Scarlett’s Legacy

I’m rereading Scarlett at the moment, and it’s made me think of a discussion on several Stargate boards, abut what would it take for Carter to be redeemed. The general consensus is that she would have to have a long, hard look at herself and reflect on her selfish, self-absorbed interests and make a conscious effort to change her past behaviour.

This is the approach Alexandra Ripley took when she was commissioned by the Margaret Mitchell estate to write a sequel to Mitchell’s 1937 Gone With the Wind. I’m not sure how much of the novel is actually Mitchell’s work, as it’s a lot closer to GWtW then Ripley’s other novels. But I really enjoyed it because, among other things, it showed realistic consequences for Scarlett’s lifetime of selfish, self-absorbed behaviour.

Scarlett spent the first thirty years of her life screwing over other people. She competed ruthlessly for men, pursued a decadent lifestyle, ignoring the disapproval of the rest of society, alienated all her friends and took up with sycophants instead because they pampered to her vanity.

The end of GWtW sees her husband, Rhett, leaving her just as she’s come to realise how much she loves him – too bad, he’s sick of her selfish behaviour. Her only true friend is dead, and she’s come to realise how little those sycophants mean to her – which is a pity because, thanks to her self-absorbed, bitchy behaviour, they’re the only people who will have anything to do with her. In fact, it’s a minor miracle that she leaves Atlanta minus the tar and feathers.

After a near-death experience, she and Rhett share a passionate night together, and when she discovers she is pregnant from the encounter, she decides to have one last selfish adventure before returning to him. Only for Rhett, this is the straw that broke the camel’s back and he divorces Scarlett, leaving her to face the prospect of single motherhood.

And face it she does. She goes through a deep sense of loss, eventually reconciling herself to the fact that she has lost Rhett, and deserved to lose him. She learns to be gracious about his new wife, acknowledging she’s far greater a human being then Scarlett.

She faces down all her past misdeeds, all the people she screwed over, all the selfish things she did. She forgives her sisters for their past slights against her, realising they, like herself, had their reasons for doing what they did. And while she can’t take back the years of neglectful motherhood of her two oldest children – instead deciding the mature thing to do is leave them where they are happy with her sister and brother-in-law at a plantation they love with cousins they love, even if it means giving up the opportunity to ever be a real mother to them – she pours her heart and soul into the child she had with Rhett. She struggles against past mistakes, not only her own but her parent’s, and their parent’s, all the way through history. She finds family and a society that she truly fits into, and works tirelessly at being a decent (but always flawed) human being, always aware of the debt she owes Lady Karma.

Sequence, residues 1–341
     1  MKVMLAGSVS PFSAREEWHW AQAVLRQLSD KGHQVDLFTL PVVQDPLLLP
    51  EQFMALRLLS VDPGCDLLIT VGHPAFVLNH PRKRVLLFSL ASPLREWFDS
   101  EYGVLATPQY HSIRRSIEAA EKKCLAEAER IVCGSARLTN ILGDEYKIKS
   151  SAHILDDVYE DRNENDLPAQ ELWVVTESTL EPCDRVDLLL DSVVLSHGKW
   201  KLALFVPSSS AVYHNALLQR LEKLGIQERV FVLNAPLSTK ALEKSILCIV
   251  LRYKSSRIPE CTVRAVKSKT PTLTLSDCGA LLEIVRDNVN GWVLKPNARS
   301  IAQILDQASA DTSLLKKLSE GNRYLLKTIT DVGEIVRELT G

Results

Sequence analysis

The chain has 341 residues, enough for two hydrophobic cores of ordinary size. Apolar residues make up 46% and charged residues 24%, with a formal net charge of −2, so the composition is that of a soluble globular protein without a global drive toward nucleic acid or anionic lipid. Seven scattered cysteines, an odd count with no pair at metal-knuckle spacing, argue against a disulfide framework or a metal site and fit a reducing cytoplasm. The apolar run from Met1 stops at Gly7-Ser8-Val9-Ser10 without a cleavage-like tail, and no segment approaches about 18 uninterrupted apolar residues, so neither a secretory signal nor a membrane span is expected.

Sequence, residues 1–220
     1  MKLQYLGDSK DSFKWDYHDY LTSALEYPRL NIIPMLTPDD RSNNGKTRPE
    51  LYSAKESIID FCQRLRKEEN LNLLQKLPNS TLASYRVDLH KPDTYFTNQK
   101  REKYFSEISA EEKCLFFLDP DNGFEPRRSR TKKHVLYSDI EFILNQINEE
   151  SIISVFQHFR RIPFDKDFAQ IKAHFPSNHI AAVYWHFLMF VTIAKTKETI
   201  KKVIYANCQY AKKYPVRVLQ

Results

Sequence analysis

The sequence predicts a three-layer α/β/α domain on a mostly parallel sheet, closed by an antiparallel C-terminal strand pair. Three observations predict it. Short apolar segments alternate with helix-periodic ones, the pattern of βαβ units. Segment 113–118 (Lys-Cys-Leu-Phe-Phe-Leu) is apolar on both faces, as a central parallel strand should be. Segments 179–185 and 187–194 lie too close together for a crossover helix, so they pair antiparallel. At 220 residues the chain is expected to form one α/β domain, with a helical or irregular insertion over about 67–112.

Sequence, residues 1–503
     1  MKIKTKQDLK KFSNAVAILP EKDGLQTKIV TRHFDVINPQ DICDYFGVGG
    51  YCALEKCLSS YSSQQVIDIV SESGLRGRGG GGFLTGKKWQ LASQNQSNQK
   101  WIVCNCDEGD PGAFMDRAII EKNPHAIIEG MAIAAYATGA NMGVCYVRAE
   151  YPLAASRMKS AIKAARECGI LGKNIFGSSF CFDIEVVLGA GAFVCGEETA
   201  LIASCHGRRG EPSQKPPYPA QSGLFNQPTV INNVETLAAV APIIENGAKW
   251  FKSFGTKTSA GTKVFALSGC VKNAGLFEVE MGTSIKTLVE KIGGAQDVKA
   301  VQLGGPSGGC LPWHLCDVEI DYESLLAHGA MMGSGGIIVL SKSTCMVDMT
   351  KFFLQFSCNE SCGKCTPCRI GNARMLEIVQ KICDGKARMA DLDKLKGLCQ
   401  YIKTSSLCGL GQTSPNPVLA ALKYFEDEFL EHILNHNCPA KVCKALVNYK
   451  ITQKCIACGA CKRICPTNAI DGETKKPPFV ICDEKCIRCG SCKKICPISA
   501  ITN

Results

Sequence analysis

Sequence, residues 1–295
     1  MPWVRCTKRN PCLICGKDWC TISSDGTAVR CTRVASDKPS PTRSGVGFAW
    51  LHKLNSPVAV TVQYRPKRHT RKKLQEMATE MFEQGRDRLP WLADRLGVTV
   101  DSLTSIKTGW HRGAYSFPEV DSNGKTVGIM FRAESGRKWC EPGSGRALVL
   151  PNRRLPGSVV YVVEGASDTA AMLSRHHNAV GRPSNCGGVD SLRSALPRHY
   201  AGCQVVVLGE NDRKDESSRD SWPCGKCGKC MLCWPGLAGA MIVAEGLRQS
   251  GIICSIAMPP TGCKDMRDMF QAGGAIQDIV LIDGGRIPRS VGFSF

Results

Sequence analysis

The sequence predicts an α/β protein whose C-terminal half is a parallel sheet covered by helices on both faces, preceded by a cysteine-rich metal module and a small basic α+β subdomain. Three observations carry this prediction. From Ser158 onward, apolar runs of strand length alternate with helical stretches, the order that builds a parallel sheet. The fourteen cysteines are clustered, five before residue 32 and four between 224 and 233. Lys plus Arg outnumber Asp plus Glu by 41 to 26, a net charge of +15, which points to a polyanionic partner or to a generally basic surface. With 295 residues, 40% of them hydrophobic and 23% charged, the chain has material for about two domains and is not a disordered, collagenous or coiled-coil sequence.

And she never truly gets over Rhett, although she recognises that she must let him go. One of my favourite scenes is where they meet by chance, and Rhett realises how much she’s changed. His simply stating of that fact, with more admiration and respect they he ever gave her – or she ever deserved – in their marriage is the greatest gift he has given her, far greater then all the money and jewels she once craved. It’s a very symbolic scene, that a woman who was once obsessed with herself and material possessions can be made happy with a person’s respect.

But even though it’s the most emotionally intimate moment Scarlett and Rhett have ever shared, she doesn’t beg him to stay. She realises how miserable she made him, and the least she owes him is to let him go to be happy with someone more deserving. Scarlett is not the same woman who we left at the at of GWtW, begging Rhett to stay. She has realised her mistakes through a painful road of self-discovery, and she will not go back to the days of being a spoilt, selfish woman who couldn’t comprehend the needs of anyone but herself.

I would love to see Carter go through such a period of self-reflection and transformation. It can be done – Scarlett is proof of that – except there seem to be a distinct lack of talented writers available to pull it off. Until then, I’ll read the two books that did it over and over”¦

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